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Books have long stood apart from the rest of the media world, run by an oddball clutch of publishers, distributors and retailers whose practices have little in common with other traditional media formats, let alone new media. But as books head into the cloud, driven by players like Amazon.com and Google, they stand to be transformed by advertising and social networks.

This week, Google and Amazon.com both announced Web-based bookstores. For now, they’re just offering extensions of the online-bookstore model pioneered on specialized e-book readers like Amazon’s Kindle. But they hold the potential for far greater change.

The last e-book battle, still being fought, concerns hardware devices. Amazon’s Kindle competes with Barnes & Noble’s Nook, and both are fighting Apple’s iPad and the coming onslaught of Android-based tablets.

The new Web-based bookstores, however, profoundly alter the war. E-book providers could use social data gathered from readers to deliver targeted advertising around and perhaps even within e-books. in doing so, they could attempt to lower e-book prices to attract more customers and (counterintuitively) win back publishers.

    Physical books are priced to capture the costs of content development, printing, and physical distribution, with retailers taking a cut to cover their costs and make a profit. In e-books, we’re left mostly with content costs — authors, editors, designers, and yes, even agents have to be paid for all their hard work and creativity — but publishers and retail distributors like Amazon.com, Apple, and Google clearly have to capture some profit, too.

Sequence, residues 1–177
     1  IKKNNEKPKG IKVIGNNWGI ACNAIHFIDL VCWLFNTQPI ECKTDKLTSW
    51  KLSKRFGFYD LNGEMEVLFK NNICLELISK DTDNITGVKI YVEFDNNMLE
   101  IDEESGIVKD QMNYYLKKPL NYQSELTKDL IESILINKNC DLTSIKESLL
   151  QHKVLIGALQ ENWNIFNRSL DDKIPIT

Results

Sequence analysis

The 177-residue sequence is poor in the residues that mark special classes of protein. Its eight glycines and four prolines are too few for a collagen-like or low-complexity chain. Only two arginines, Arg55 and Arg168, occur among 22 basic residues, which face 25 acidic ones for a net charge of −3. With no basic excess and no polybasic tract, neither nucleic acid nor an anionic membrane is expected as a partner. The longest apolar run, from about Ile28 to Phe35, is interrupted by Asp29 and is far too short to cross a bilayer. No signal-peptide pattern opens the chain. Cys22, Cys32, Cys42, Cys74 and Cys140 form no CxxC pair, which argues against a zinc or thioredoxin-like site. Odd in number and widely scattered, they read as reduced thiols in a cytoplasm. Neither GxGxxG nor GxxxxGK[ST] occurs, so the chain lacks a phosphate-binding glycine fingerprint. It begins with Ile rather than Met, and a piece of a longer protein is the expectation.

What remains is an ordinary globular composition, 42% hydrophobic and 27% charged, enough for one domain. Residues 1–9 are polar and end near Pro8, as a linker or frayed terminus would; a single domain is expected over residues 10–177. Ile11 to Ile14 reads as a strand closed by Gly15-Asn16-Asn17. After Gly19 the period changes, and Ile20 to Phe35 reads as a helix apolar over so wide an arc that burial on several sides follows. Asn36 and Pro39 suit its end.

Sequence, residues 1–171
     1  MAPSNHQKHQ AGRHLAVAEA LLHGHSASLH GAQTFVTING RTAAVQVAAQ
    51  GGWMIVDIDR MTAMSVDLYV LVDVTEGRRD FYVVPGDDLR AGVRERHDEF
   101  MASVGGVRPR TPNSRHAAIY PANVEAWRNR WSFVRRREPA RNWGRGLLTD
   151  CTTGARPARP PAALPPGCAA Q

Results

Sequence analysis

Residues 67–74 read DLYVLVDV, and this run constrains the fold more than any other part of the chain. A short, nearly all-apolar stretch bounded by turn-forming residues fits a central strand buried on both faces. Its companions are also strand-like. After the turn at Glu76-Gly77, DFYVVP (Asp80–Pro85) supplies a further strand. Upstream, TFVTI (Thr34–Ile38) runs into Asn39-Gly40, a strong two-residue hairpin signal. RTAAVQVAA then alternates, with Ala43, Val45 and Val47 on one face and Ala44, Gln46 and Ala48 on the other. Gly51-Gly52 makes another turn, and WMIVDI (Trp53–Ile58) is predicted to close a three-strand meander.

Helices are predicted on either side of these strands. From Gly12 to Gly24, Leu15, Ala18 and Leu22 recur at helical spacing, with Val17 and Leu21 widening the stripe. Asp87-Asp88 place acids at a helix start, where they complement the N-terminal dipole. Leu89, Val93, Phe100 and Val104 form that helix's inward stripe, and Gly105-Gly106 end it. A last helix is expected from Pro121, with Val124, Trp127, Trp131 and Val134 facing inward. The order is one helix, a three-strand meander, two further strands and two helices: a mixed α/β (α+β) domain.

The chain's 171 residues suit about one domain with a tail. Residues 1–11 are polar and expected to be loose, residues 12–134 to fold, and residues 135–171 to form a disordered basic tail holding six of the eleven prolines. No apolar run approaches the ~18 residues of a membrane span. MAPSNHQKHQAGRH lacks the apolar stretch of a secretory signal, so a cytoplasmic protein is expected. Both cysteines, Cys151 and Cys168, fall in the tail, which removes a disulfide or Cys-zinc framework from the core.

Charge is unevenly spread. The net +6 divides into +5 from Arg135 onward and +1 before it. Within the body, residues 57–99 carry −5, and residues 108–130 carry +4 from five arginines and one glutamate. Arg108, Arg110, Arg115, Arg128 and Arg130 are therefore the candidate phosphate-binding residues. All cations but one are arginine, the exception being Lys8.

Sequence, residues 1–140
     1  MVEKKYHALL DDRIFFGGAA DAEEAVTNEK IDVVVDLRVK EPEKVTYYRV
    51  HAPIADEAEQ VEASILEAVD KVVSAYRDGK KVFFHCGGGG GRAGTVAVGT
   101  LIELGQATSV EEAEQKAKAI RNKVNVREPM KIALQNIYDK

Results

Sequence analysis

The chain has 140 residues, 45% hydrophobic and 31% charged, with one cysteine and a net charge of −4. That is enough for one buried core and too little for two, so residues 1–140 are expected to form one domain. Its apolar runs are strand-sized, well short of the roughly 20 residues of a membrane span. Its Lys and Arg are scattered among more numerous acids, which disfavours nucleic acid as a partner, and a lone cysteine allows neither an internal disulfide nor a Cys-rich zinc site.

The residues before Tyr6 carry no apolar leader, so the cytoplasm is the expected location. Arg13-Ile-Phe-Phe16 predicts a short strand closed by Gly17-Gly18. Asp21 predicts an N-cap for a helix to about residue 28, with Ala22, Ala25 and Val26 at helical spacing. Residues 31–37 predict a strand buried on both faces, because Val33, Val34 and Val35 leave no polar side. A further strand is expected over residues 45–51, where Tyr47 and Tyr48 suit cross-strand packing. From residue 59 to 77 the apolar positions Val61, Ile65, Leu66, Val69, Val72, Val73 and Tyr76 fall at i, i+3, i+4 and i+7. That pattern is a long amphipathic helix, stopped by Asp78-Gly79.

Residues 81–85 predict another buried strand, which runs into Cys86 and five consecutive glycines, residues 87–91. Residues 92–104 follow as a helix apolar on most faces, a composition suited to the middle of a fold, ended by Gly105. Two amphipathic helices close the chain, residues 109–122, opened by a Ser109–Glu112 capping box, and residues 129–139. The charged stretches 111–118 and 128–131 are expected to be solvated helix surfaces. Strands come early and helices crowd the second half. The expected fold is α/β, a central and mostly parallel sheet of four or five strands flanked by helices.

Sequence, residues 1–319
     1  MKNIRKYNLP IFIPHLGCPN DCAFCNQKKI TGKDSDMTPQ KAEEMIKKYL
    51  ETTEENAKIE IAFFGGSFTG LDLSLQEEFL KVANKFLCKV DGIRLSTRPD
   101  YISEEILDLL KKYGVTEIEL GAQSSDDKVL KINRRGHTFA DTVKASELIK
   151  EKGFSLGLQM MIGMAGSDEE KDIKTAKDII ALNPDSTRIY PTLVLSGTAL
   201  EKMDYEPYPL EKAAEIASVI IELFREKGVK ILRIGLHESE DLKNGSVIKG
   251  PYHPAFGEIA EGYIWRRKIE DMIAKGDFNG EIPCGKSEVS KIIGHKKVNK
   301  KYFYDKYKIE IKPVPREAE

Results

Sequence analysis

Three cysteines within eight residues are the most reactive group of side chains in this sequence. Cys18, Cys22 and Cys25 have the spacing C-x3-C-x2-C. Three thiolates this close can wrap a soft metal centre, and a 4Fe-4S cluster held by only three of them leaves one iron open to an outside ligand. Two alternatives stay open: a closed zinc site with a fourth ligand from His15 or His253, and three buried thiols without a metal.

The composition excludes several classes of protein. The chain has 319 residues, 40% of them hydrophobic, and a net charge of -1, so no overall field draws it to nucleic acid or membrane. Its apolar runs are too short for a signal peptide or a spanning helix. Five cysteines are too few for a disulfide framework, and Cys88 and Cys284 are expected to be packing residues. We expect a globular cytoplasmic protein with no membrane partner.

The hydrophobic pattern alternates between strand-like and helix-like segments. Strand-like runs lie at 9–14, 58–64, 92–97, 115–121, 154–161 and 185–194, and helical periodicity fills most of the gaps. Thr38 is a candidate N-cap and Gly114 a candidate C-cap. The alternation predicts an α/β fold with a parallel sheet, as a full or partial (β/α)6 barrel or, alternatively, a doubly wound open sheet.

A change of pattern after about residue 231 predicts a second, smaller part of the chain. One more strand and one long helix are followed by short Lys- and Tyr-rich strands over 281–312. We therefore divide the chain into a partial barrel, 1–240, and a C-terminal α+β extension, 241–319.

Google, the newest entrant to the fight, could be poised to make some big moves. Combining the social layer of e-books with the company’s proven AdWords advertising platform, its new eBooks store could target ads to readers on e-books at substantially lower prices, and still make money.

    That is, if publishers go along. There’s a fraught battle over who gets to set book prices — publishers or online bookstore operators. Today, Amazon.com pays a wholesale price to publishers for physical books, and sets its own retail price, sometime taking a loss on new hardcover books to keep market share and attract customers. It aims to do the same with the Kindle. Apple, on the other hand, has been more accommodating to publishers, offering to act as a sales agent for publishers who in essence sell directly to consumers at a price they choose in its iBookstore.

    With today’s announcement of Kindle for the Web, some have resurrected the notion that “e-books are still too expensive.” One could argue that on the Kindle, Amazon needs to charge enough to capture the costs of its subsidized hardware and free wireless delivery of books. On the Web, Amazon doesn’t have even those costs — so users are paying $9.99 to read text on a website, an offensive notion to some consumers who are unaccustomed to paying for content online.

    Could advertising change the game and make these pricing debates irrelevant?

    To date, books haven’t made for much of an advertising medium, given their long shelf life. Typically, one might see house ads for other works by an author or publisher, but that’s it; most advertisers have too short a time horizon to advertise in books.

    Analyst James McQuivey, who’s looked closely at the e-book market for Forrester Research, insightfully reminds us that the advent of Web-based bookstores turns this whole notion upside down.

    On the Internet, the books can stay as timeless as ever, but the ads could always change depending on who’s reading that particular title — or, thanks to a new social layer, what their friends are reading.

    To be sure, advertising has not been as profitable as publishers of other print media have hoped. But it’s hard to see Google, which makes most of its multibillion-dollar profits through advertising, treating content retailing as much more than a sideline. As online advertising spending continues to rise, and online consumers continue to resist paying for content delivered on the Web, it seems like a natural move. Information wants to be free. Why not books, too?

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